Root causes of rural decline in economic well-being in Finland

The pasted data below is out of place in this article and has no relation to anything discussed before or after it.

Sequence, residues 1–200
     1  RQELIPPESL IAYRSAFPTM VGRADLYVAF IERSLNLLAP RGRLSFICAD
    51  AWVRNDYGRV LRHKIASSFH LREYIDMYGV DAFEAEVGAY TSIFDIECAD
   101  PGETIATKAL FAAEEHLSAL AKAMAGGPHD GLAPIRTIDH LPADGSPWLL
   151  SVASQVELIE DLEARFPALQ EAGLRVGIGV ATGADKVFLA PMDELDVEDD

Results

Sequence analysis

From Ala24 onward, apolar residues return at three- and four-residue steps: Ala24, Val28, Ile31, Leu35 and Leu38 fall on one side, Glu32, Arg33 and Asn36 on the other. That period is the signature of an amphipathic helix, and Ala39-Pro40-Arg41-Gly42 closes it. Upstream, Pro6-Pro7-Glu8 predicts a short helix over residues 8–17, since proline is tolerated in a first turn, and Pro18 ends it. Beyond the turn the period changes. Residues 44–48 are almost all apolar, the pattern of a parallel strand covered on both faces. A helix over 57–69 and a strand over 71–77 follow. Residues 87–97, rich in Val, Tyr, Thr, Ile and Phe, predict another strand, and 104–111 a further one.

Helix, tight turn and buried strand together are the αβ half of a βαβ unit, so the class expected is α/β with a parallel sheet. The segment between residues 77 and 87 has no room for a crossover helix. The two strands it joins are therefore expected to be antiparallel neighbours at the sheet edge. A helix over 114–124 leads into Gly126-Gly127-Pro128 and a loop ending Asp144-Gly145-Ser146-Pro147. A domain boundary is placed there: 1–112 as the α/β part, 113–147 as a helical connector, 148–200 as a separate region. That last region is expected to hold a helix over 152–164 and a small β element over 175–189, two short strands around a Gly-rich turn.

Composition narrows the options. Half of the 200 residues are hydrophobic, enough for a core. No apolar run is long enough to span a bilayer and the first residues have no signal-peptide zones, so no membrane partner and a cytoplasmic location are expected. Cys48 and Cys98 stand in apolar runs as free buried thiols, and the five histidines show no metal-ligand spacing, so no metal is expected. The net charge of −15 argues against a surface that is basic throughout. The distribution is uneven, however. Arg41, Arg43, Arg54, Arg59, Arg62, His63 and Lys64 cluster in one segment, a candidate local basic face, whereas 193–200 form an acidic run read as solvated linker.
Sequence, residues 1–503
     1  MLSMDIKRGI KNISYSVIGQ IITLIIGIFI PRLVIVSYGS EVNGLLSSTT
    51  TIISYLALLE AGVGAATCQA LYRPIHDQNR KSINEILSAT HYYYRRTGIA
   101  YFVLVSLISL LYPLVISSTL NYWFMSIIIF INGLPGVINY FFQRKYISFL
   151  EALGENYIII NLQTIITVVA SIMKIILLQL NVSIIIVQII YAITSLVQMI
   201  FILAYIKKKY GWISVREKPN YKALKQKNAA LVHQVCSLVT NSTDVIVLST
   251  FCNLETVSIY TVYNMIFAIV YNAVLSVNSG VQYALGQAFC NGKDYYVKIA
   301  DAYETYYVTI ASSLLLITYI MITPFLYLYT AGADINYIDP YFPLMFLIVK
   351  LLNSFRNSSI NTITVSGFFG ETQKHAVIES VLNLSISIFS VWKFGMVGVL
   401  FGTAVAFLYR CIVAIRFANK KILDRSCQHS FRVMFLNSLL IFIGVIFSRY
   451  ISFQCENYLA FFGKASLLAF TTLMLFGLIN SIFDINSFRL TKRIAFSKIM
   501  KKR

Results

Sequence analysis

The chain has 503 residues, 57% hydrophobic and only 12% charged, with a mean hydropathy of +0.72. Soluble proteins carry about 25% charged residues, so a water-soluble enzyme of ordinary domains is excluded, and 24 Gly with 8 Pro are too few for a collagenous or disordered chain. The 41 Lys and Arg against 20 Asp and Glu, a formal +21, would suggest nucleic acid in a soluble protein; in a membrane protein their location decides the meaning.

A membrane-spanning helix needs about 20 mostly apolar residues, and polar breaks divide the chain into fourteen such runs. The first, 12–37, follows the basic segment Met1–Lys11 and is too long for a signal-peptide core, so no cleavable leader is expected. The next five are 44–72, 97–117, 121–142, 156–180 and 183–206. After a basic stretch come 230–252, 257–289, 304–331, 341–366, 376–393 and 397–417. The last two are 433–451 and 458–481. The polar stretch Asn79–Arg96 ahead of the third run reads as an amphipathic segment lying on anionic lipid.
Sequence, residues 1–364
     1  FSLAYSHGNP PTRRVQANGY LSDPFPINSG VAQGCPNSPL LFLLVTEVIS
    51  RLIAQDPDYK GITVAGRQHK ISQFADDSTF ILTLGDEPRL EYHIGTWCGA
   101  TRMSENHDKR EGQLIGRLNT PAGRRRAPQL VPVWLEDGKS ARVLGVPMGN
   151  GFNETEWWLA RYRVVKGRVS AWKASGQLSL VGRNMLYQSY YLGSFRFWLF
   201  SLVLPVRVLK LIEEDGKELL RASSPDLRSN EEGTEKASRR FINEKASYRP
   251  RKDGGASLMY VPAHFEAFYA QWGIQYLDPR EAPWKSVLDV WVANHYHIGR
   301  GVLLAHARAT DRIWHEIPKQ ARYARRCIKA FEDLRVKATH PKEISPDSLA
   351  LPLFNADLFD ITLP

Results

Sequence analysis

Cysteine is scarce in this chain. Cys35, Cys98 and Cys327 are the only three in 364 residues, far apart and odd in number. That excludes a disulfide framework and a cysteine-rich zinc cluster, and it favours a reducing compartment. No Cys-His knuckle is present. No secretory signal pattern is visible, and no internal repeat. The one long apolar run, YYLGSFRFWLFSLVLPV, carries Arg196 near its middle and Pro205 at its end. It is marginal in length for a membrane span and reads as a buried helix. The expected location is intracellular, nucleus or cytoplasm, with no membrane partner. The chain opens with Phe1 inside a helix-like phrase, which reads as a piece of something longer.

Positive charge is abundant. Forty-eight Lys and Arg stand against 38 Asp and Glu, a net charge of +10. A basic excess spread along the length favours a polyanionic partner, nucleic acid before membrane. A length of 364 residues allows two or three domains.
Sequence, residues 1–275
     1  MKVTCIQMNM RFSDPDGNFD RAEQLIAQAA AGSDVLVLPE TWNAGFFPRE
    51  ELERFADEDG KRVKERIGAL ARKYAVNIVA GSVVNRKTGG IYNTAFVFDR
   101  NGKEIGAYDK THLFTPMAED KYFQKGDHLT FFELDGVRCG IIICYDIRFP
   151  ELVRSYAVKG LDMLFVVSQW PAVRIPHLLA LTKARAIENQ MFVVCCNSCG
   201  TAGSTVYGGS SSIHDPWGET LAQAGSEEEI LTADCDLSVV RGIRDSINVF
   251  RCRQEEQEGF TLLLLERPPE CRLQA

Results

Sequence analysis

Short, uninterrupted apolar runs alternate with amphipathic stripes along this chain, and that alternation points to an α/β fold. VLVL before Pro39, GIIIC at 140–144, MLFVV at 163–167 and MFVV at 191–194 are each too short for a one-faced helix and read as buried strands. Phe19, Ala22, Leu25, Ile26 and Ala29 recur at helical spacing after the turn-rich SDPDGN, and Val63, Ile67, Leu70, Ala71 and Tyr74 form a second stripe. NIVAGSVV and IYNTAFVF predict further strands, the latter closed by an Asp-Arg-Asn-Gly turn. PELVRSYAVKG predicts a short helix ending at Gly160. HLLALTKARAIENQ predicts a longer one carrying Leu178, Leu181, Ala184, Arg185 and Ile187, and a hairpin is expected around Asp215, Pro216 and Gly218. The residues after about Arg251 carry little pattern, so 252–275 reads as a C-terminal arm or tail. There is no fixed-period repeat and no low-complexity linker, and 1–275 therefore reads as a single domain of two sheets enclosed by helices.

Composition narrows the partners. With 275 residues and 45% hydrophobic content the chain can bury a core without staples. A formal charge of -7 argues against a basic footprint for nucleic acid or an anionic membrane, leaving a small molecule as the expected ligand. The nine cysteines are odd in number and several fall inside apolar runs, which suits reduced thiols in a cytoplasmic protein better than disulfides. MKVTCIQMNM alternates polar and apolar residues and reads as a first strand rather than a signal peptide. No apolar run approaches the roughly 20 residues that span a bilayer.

This paper analyses how dependence on primary production, distance, climatic conditions and the intensity of land use bring about variations in economic well-being in rural areas. The conventional interpretation in Finland often concludes that economic well-being declines as dependence on primary production increases. The potential oversimplification implied by this statement was studied by testing the explanatory power of distance from the nearest large city, effective temperature sum and the proportion of fields in a comparative setting. The results revealed that economic well-being in rural Finland is best explained by the effective temperature sum, followed by distance, dependence on primary production and the proportion of fields. The only element of well-being which is determined chiefly by dependence on primary production is educational capital, causing a bottleneck preventing rural areas from becoming competitive and hence attractive to new knowledge-intensive industries. These results cast light on the spatial conditions under which the current economic evolution towards a service and knowledge society is taking place and on the spatial manifestations of remnant economic structures in disadvantageous locations.